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Resurrection of the art

Collection that has been in storage for the past several years will reappear later this month at Newport Harbor High library.

October 01, 2009|By Candice Baker

After six years in obscurity, a noted art collection is going back on view at Newport Harbor High School.

The collection will debut later this month in the school’s library in Robins-Loats Hall, which has spent several years in recon- struction. It was closed for retrofitting because of concerns about seismic safety.

Past school staff, teachers and alumni were on hand Thursday to assist in the collection’s reinstallation and reminisce about its history.

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George James, a graduate of the school and artist who returned to teach social studies, has a special connection to the collection: It features one of his paintings.

“That was the biggest feather in my cap, because I grew up with this show, being inspired by it,” James said.

During the library construction project, much of the Ruth Stoever Fleming Collection of Southern California Art spent the past six years in storage.

The collection was named for a librarian at the school who started what became one of the West Coast’s most prestigious juried art shows during the mid-20th century.

Twenty-one paintings are now being installed on the library’s walls. The earliest nine paintings were given annually to the school by its senior class, beginning in 1935; Stoever assisted the students with their acquisitions.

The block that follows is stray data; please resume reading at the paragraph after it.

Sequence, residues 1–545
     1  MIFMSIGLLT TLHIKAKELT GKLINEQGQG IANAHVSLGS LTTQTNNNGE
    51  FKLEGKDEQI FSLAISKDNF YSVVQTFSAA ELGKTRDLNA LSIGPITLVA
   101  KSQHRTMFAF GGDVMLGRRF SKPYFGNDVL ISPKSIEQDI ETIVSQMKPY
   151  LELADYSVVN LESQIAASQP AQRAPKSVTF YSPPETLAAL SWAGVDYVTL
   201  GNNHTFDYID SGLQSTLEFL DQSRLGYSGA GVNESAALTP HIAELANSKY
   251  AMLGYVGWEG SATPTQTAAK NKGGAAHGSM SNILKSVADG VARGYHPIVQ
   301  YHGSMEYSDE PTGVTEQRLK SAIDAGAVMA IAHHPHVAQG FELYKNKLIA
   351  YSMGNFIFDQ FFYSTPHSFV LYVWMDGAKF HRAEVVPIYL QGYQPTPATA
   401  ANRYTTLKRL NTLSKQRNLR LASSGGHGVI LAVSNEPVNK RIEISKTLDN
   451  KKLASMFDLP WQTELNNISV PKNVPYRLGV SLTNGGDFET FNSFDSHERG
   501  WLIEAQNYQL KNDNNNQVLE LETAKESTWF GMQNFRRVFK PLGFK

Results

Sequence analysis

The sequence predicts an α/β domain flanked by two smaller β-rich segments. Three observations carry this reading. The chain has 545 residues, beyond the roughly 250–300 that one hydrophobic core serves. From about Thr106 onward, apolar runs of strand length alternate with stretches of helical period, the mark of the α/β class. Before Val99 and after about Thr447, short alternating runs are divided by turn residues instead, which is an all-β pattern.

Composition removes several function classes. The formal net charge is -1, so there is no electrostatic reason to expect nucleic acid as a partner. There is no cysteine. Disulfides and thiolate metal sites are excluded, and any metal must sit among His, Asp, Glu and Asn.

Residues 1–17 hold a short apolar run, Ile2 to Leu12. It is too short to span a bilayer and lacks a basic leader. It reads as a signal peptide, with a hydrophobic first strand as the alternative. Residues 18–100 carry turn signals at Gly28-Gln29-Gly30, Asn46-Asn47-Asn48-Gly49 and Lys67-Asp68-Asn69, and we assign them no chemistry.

When the gifting practice fell out of favor, Stoever decided to stage the art shows. From 1946 to 1966, the school purchased each of the annual show’s winning oil and watercolor paintings and added them to the school district’s collection.

At the height of the show’s fame, the school would receive 700 submissions competing for 70 spots in the show. Different critics would be invited to the show to serve as judges each year, so the school’s collection expanded far beyond plein air and into abstract Expressionism and more; in the show’s last year, the critics selected a pop art watercolor.

When the annual show came to a close, those who worked on it went on to form the Newport Beach Arts Commission, former Newport Harbor librarian John McGinnis said.

In the mid-1980s, McGinnis, James and their colleagues reassembled the collection. They scoured school sites to find them in storage closets, filing cabinets and administration offices throughout the district, rather than on display for the students.

The group raised $40,000 to stage a landmark one-week exhibition of the collected works, produce a limited-edition book and restore all of the paintings.

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